For many people stress in today’s workplace situations may be outside their control. In these cases problem focused solutions involving changing the situation so it no longer causes stress may not be possible. When this is the case emotion focused coping strategies may be the most effective option, because even if it not possible to change the situation we can change our responses, preventing or controlling further negative effects of stress resulting from our own negative responses to stress.



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To learn more about our  services, please contact the office: +353-1-6688891 or info@davittcorporatepartners.com

Discover how DavittCorporatePartners can help you to:

Develop Leadership in Your Organisation

Win the War for Talent

Realise Individual Potential

Align Behaviour with Corporate Values

________________________________________________________________________________________________________________________

Amber Hanna is a trainee Organisational Psychologist at DavittCorporatePartners – Corporate Psychologists

Establishing Key Differences between Coaching and Counselling

Establishing Key Differences between Coaching and Counselling. By Aoife Harrington (MSc, BA Psych, Reg. Psychol PsSI)

Although coaching and counselling represent relatively recent additions to the range of human service professions, both have undergone significant growth and development over the last few decades. In fact it has been reported that coaching is now the second-fastest growing profession in the world, rivaled only by information technology (Williams, 2008) while the uptake of counselling has also seen a sharp rise, particularly in western industrialised societies (McLeod, 2003). Much confusion exists, however, amongst the general public, and indeed professionals alike, as to what the difference is between coaching and counselling – with many people treating them as one and the same.

According to the International Coaching Federation (ICF), coaching can be defined as ‘an ongoing partnership that helps clients produce fulfilling results in their personal and professional lives’. It represents a form of personalised, supported learning undertaken for the accomplishment of goals in a chosen area of focus, be that professional or personal (Goldberg, 1999). In the coaching relationship, the coach partners the client in a thought-provoking and creative process that inspires them to maximise their potential. Although it can take many forms, counselling can be broadly defined as a highly skilled intervention focused on helping individuals address underlying psychological problems. Counselling is, therefore, a therapeutic relationship between counselor and client and although it can be viewed as a helping behaviour or a repertoire of interventions it is, most fundamentally, a psychological process (McLeod, 2003).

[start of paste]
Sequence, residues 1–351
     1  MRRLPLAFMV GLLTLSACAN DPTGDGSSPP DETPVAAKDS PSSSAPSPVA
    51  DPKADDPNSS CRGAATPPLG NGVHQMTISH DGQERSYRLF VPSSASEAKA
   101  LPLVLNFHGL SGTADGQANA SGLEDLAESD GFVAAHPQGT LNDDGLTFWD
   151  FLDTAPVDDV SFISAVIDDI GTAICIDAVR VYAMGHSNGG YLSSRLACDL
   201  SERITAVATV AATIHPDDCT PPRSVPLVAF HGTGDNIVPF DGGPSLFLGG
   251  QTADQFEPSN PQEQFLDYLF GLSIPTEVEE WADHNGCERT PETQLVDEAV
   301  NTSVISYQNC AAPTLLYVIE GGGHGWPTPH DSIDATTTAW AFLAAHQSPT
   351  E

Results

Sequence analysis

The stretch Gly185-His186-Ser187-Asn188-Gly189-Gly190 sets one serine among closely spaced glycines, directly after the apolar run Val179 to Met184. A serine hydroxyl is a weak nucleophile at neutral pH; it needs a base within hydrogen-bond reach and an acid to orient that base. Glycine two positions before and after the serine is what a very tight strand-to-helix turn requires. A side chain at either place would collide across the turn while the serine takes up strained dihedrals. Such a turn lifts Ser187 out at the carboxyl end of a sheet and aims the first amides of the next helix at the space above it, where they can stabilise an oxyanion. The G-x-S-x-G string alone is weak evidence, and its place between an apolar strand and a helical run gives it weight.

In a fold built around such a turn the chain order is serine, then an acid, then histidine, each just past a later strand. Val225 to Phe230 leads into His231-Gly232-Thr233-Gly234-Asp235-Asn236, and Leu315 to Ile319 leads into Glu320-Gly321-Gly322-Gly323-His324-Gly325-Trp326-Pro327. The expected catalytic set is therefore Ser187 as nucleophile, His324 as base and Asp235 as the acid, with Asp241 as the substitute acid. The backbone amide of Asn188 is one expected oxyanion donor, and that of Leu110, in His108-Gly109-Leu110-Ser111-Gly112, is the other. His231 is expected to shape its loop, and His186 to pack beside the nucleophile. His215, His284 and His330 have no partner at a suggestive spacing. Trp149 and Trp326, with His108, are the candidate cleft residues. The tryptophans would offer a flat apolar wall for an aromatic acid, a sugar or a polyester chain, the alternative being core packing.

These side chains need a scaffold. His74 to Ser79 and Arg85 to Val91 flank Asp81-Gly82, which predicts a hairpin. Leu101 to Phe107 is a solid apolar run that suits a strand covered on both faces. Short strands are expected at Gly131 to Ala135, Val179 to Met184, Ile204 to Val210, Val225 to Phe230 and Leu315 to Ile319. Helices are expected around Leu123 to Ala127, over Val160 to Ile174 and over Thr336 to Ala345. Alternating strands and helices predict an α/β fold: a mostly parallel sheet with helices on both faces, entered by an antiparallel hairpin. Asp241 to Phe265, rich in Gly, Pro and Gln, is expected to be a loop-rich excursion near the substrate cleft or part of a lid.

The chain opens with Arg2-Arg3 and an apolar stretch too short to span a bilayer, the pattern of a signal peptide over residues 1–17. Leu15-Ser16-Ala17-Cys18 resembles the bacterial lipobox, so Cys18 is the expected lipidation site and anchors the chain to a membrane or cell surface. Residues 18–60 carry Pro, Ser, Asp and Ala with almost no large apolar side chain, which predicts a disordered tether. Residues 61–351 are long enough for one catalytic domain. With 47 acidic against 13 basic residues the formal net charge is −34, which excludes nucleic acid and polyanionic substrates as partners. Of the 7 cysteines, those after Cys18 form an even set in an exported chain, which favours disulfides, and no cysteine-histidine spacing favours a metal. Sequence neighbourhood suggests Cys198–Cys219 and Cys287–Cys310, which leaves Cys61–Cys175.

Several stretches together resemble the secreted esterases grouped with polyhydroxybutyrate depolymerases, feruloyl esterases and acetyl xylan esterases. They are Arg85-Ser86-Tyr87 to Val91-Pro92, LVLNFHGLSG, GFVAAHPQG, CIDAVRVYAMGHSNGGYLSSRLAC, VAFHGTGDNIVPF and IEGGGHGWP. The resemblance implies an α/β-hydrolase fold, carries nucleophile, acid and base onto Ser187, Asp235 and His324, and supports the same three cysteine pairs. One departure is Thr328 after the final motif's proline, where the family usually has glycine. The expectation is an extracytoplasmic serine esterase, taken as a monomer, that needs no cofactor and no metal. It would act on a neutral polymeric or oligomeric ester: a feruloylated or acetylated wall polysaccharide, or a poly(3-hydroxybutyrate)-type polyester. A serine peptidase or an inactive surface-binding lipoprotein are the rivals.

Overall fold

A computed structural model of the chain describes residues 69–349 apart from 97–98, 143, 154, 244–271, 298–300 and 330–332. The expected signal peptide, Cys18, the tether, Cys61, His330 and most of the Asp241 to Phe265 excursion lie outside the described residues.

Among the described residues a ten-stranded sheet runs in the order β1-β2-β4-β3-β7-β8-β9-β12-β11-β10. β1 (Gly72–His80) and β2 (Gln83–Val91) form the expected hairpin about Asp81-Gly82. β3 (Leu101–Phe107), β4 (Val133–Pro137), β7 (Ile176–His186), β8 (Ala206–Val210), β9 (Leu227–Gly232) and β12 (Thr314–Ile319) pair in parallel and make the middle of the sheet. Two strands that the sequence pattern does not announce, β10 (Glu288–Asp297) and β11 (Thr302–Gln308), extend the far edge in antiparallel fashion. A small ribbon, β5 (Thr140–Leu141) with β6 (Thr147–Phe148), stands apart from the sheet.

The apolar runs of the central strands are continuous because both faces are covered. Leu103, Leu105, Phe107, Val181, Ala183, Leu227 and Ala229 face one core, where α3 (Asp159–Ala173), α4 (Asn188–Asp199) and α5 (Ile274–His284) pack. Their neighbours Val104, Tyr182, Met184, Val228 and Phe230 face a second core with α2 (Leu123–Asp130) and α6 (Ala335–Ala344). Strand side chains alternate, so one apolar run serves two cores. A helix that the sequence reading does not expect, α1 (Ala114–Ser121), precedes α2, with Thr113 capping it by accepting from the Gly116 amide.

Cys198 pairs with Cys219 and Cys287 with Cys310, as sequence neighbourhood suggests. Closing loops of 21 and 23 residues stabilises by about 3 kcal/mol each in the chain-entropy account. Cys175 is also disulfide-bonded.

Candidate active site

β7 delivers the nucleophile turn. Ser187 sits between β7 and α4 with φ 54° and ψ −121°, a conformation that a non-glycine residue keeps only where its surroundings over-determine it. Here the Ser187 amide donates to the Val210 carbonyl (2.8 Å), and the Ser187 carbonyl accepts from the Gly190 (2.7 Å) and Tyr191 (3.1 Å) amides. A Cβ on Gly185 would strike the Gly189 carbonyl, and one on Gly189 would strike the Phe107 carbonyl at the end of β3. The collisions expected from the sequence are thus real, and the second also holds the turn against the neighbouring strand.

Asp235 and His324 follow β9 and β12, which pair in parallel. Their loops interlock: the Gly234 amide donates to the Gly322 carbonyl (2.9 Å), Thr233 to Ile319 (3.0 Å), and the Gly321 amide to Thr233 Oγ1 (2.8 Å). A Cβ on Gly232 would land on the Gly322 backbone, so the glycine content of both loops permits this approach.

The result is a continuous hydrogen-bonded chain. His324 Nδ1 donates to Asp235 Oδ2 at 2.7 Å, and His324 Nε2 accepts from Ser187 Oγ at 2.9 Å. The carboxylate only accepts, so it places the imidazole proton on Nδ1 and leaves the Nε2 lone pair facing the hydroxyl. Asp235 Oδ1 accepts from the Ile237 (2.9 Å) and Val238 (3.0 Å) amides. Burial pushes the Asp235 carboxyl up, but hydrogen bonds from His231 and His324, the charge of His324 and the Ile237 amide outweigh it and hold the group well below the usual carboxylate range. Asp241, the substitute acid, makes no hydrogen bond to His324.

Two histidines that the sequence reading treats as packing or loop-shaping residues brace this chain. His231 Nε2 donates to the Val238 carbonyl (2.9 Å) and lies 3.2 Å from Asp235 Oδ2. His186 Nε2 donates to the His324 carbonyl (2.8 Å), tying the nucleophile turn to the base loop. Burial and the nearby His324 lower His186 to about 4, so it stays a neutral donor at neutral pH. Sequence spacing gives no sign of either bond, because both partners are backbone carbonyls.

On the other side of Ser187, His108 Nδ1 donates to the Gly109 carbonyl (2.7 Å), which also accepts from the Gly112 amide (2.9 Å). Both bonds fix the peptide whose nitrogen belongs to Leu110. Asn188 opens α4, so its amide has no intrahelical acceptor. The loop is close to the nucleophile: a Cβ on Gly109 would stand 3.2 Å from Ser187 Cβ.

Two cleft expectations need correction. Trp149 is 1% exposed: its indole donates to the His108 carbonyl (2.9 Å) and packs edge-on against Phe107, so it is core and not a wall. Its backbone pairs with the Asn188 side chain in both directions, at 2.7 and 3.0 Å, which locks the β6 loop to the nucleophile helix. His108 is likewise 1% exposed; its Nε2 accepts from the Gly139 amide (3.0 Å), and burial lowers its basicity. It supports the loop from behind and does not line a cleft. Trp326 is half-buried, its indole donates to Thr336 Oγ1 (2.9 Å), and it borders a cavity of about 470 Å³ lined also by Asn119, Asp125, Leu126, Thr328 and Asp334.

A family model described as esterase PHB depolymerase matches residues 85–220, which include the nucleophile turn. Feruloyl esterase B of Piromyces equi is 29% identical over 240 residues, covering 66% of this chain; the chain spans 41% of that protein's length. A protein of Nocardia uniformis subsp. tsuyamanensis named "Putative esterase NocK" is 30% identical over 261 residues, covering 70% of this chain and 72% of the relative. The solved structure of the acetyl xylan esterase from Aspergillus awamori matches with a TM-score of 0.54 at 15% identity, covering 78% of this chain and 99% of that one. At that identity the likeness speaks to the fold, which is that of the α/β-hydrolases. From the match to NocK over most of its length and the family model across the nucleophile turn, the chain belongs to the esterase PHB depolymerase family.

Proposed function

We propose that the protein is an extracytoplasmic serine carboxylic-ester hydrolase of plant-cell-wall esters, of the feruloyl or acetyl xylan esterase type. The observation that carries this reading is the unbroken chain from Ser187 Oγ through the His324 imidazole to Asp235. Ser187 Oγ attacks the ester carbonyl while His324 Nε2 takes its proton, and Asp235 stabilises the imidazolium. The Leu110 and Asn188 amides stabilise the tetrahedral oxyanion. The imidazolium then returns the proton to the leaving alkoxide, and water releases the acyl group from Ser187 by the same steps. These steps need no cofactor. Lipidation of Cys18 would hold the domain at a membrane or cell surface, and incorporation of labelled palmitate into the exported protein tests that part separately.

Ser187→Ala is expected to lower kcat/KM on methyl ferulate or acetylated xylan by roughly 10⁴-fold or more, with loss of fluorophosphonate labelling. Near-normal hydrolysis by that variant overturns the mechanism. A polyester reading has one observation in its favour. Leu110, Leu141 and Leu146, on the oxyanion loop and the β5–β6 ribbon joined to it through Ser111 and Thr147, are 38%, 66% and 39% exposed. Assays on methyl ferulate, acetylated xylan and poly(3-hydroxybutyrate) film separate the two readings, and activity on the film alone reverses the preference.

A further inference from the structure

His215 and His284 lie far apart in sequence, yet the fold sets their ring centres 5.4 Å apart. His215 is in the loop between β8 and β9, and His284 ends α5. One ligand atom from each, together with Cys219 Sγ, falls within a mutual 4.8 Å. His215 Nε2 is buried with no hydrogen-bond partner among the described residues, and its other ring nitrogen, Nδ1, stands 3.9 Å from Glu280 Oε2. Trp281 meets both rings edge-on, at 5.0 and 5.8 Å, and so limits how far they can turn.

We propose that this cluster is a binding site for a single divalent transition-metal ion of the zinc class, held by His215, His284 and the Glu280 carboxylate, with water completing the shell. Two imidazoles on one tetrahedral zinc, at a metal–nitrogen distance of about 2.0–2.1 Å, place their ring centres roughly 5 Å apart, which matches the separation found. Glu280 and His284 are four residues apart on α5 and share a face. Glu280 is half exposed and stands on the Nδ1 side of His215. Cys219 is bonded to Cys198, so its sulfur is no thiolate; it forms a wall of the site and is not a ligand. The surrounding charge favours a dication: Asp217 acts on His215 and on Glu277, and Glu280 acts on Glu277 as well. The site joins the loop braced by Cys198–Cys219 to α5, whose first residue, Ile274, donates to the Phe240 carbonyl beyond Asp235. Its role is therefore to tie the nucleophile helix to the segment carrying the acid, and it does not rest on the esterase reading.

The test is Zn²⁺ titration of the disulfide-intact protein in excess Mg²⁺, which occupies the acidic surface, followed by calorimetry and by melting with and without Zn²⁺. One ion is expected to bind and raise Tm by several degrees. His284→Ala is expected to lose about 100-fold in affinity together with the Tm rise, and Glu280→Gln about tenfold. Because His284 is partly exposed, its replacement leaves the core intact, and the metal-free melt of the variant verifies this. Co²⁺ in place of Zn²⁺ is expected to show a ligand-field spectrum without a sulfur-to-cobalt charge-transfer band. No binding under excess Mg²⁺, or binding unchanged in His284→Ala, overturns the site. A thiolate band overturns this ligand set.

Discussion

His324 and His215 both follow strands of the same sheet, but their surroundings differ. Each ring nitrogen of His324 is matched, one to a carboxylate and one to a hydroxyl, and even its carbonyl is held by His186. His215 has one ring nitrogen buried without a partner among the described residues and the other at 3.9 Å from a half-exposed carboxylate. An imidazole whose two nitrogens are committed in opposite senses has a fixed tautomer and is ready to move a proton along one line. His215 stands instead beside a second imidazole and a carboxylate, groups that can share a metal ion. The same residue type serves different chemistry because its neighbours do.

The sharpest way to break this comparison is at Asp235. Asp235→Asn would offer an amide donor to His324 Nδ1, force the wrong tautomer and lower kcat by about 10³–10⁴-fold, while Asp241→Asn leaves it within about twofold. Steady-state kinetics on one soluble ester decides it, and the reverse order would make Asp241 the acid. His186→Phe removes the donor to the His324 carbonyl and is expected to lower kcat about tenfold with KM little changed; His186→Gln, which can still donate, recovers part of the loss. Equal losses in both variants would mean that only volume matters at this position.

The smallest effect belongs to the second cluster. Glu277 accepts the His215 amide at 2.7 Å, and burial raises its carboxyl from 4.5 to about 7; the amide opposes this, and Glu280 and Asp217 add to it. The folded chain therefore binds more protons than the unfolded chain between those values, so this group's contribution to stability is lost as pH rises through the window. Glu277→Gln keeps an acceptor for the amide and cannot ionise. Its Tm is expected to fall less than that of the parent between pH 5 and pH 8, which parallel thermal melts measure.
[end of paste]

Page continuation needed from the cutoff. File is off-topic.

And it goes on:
Part of the reason for the blurring of boundaries between coaching and counselling is because – as disciplines or helping professions – they share many similar qualities. Both are based on a client/practitioner model and, for the most part, are conducted by skilled practitioners. There is also an overlap in terms of their basic philosophies – with both coaching and (many) counselling initiatives embracing the client as the centre of the process and the masters of their own destinies. Both focus on the needs and goals of the client, emphasise the importance of rapport building and active listening and often use goal setting and action planning techniques. Moreover, the core skills employed by the coach and the counsellor are in many cases the same, with emphasis placed on the fostering of trust, respect, openness and confidentiality. In terms of outcomes, counselling and coaching can often result in similar behaviour change or adaptation of behaviour and can help clients to foster a greater understanding or awareness of their underlying thoughts, cognition and emotional reactions in a given situation.

Despite such similarities, however, there are a number of key aspects of coaching that differentiate it from counselling.

–          To begin, the nature of the client/practitioner relationship tends to be different in counselling, as there is a greater power differential. Specifically, the relationship is much more defined in counselling with the therapist typically taking charge of the counselling session, diagnosing the client’s situation and then providing professional expertise and guidelines to map out a path to healing. By contrast, there is more of an equal partnership in coaching.